20th Baloise Art Prize awarded at Art Basel 2018

Basel, The Baloise Art Prize has been awarded to Suki Seokyeong Kang from Korea and Lawrence Abu Hamdan from Jordan. The prize of CHF 30,000.- will be presented at the Statements sector of Art Basel by a jury of international experts. The prize includes the acquisition by Baloise of a group of works by the award winners, which are donated to two important museums in Europe: the Nationalgalerie – Staatliche Museen zu Berlin and the MUDAM, Luxembourg.

This year’s jury includes: Marie-Noëlle Farcy, Curator/Head of Collection, MUDAM, Luxembourg; Gabriele Knapstein, Head of Hamburger Bahnhof  -  Museum für Gegenwart, Nationalgalerie Berlin; Martin Hatebur, Chairman Basler Kunstverein/Kunsthalle Basel; Philippe Pirotte, Rector Städelschule Frankfurt and Martin Schwander, Fine Art Advisor of Baloise, Chairman of the jury.

Suki Seokyeong Kang

Suki Seokyeong Kang, *1977, lives in Seoul, Korea, Statements booth N17, One and J. Gallery, Seoul

Suki Seokyeong Kang’s installation brings together a set of abstract sculptures, which deploy different materials – metal and wool – as well as playing with shapes and colors. These works are based on the transposition into a visual language of Jeongganbo, a traditional Korean system of musical notation. There, rectangular cells are organized on a grid, inscribed with rules regarding pitch and length of tones. Of particular interest is the way in which the artist exploits her understanding of rhythm to explore the interaction between her works and the movement of the audience in space, thereby provoking a physical approach to the sculptures.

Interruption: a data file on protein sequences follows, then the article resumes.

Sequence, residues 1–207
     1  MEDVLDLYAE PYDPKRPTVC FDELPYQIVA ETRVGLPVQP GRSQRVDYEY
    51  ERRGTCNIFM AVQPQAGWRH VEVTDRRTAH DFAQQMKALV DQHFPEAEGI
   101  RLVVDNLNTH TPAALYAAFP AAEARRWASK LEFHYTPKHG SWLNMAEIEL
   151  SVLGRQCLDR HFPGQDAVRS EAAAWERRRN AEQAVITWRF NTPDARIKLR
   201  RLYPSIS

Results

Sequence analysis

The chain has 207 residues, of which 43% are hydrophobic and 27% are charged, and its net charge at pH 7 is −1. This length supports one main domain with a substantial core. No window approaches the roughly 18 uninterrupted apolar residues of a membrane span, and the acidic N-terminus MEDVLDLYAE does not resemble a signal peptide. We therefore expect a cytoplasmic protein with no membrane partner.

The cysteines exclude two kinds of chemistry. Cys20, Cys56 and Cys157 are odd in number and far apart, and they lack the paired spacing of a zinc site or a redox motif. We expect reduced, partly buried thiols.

Lawrence Abu Hamdan

Lawrence Abu Hamdan ,*1985, lives in Beirut and Berlin , Statements booth N3, mor charpentier Gallery, Paris

The video and sound installation The Shouting Valley from Lawrence Abu Hamdan is a compelling presentation of a concrete situation: the transgression of the border between Syria and Israel by a group of Palestinians in the region of the Golan Heights on 15 May 2011. The acoustic phenomenon of wandering, amplified voices is indebted to the topography of the valley and lends the work its title. The work itself invokes a larger geopolitical context. The montage of cell phone footage and audio recordings, of the kind regularly used by the media in conjunction with eyewitness reports, generates an apprehensiveness and uncertainty that deeply affects the viewer. The way in which this work combines topographical situation, politically defined borders and concrete infringement of the borders generates a fascinating, interrelated whole. Sound, as the overall, cohesive element, contributes substantially to the urgency of this artist‘s work.

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